Failed deals in non-traded real estate investment trusts (REITs) and private placements have plagued more investors in recent years, with problems ranging from suspension of share redemptions to inaccurate valuations to outright fraud. Such issues have garnered the attention of the Financial Industry Regulatory Authority (FINRA), which is now investigating real estate developer Tony Thompson and his broker/dealer, TNP Securities LLC, for allegedly failing to turn over certain documents to FINRA.
By failing to turn over documents about his business to FINRA, Thompson is in violation of industry rules that require firms and individuals to produce information when asked to do so by FINRA.
As reported March 12 by Investment News, FINRA initially made inquiries regarding the documents two months ago. At the time, Thompson was attempting to “goose sales for a non-traded real estate investment trust, the $272 million TNP Strategic Retail Trust Inc.”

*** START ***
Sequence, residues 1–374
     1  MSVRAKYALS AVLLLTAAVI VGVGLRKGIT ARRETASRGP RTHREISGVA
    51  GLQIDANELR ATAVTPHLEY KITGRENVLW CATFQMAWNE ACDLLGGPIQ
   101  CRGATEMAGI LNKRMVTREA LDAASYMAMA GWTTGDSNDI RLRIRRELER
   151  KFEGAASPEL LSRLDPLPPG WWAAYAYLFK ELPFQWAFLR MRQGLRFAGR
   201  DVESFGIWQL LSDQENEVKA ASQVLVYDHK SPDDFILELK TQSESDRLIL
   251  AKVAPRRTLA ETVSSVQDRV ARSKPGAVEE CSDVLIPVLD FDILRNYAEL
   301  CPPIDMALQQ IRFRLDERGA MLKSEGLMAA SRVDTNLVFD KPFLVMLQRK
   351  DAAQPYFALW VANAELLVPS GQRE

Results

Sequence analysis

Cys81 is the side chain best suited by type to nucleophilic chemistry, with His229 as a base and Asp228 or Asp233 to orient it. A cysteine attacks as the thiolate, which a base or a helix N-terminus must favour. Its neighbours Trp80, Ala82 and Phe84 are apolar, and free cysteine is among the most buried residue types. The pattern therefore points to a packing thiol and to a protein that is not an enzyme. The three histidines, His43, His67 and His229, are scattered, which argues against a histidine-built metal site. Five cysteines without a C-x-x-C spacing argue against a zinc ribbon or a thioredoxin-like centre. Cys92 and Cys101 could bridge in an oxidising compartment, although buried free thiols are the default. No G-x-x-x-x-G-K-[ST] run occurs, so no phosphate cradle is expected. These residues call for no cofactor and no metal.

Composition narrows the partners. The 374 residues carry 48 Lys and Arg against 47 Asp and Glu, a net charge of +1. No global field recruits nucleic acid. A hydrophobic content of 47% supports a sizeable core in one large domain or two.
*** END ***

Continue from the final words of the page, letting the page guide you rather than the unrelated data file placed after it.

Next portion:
During that same month, Thompson sent a note to broker/dealers hawking the TNP Strategic Retail Trust and proclaiming that its net asset value was 6% higher than its share price. Specifically, Thompson’s note read: “Closing Feb. 7, 2013! Necessity retail: Now is the time!”
As the Investment News article points out, discrepancies between a REIT’s selling price and its NAV could be dilutive to current shareholders and provide brokers with a pitch laden with urgency to sell.
That’s not the only problem on Thompson’s plate, however. He’s also dealing with huge financial troubles, including the default on $21.5 million of private notes that he sold in 2008 and 2009 to raise money for Thompson National Properties LLC. Last year, that venture suspended interest payments to investors in a private placement – i.e. the TNP 12 Percent Notes Program – that was designed to raise capital for the firm. Many of the investors in the TNP 12 Percent Notes Program reportedly were elderly, retired or conservative investors living on fixed incomes.
According to a July 10, 2012, article by Investment News, 22 independent broker/dealers had agreements to sell the notes, which required a minimum investment of $50,000. Brokers earned a 7% commission on sales of the notes, according to a filing with the Securities and Exchange Commission (SEC).
If you invested and suffered financial losses with Tony Thompson, the TNP 12 Percent Notes Program, Thompson National Properties LLC, TNP Securities, or TNP Strategic Retail Trust, contact us to tell your story.